March 13, 2012 Posted by | Adopt Just One More Pet, Animal or Pet Related Stories, Dogs, Dogs, If Animlas Could Talk..., Just One More Pet, Man's Best Friend, Pet Friendship and Love, Service and Military Animals, We Are All God's Creatures, Working and Military Dogs and Related | , , , , , | 12 Comments

Orange County K9 officer, Hunter, being denied retirement, despite worsening heart condition – Update

Help Save K9 Officer Hunter

There is a interesting, complicated and rather heart-breaking story out of Orange County, NY that is raging over a 7 yr old K-9 officer by the name of Hunter.  Hunter’s current handler, Ed Josefovitz, is leaving the department and has requested that Hunter be retired in light of his age (most K9 officers retire between 8-9 yrs of age) and due to a diagnosed progressive heart condition. In April, 2009, a veterinarian diagnosed Hunter’s heart condition and he was approved for day-to-day service, which typically included hanging out in court, or other sedentary duties. Hunter rarely (as of late) saw any action that would require him to exert himself.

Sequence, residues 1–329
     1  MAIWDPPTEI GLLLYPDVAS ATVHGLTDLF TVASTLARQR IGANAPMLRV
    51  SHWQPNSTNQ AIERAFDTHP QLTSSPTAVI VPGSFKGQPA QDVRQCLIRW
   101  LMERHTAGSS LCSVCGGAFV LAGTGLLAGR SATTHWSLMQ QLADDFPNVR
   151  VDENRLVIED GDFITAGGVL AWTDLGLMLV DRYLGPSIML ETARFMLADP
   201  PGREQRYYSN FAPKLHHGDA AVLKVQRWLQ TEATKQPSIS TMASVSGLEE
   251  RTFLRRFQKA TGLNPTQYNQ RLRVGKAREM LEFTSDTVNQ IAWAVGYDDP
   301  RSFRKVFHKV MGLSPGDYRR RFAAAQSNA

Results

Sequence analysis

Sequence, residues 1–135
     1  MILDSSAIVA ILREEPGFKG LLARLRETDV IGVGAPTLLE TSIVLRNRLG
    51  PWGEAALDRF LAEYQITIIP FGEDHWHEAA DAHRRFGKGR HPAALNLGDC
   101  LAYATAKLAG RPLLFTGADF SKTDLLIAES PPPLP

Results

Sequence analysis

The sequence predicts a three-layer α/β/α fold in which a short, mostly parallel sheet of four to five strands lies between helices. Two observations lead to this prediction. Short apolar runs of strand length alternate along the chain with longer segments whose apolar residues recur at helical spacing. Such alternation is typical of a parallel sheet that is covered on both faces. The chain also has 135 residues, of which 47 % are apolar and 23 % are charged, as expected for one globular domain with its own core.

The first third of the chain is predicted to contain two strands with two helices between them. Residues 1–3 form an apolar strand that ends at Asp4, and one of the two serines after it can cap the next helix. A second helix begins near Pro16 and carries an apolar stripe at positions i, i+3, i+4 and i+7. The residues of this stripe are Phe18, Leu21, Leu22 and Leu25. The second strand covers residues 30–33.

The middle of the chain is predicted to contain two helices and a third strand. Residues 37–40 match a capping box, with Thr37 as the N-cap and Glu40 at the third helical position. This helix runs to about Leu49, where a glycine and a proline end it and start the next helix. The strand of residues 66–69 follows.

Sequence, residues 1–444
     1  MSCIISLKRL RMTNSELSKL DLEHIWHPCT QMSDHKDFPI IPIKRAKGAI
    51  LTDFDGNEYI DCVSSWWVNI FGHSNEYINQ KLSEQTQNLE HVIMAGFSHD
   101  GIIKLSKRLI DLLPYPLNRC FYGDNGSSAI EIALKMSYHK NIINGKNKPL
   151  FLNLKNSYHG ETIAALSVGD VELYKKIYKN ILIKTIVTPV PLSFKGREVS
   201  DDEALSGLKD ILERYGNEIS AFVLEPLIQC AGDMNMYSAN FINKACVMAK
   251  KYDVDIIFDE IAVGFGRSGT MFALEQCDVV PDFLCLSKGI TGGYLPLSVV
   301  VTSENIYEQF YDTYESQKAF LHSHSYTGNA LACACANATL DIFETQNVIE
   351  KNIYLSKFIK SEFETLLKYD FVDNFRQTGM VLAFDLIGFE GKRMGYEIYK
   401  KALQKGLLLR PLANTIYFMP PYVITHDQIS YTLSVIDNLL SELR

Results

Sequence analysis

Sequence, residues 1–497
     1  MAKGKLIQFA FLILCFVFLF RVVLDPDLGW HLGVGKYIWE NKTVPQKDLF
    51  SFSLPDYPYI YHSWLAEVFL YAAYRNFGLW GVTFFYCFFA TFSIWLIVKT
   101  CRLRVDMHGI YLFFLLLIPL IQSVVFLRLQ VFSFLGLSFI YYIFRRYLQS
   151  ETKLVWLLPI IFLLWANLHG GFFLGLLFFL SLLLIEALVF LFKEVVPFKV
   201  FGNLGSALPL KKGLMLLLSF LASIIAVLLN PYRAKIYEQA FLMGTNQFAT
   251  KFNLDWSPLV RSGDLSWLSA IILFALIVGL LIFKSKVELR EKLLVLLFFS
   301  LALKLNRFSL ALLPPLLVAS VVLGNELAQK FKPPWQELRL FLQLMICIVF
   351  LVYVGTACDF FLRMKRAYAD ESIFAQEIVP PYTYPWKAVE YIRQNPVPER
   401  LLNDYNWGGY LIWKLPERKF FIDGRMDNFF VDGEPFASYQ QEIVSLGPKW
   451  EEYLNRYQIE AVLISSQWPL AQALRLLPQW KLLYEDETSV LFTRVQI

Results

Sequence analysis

Proponents of the sheriff’s office argue that Hunter is owned by the department, rather than the officer and that he must continue to work until he has reached full retirement age, despite his heart condition. For Capt. Barry’s personal stance on the issue, please visit this link.

Advocates for Hunter insist that going through the rigorous 8 months of retraining at the academy, in addition to the emotional toll of being removed from his current family and placed with a new handler, will only aggravate his worsening heart condition. Concern for his welfare is tremendous and there are many who believe that the dog could be killed by the stress that will be placed upon him in the coming months.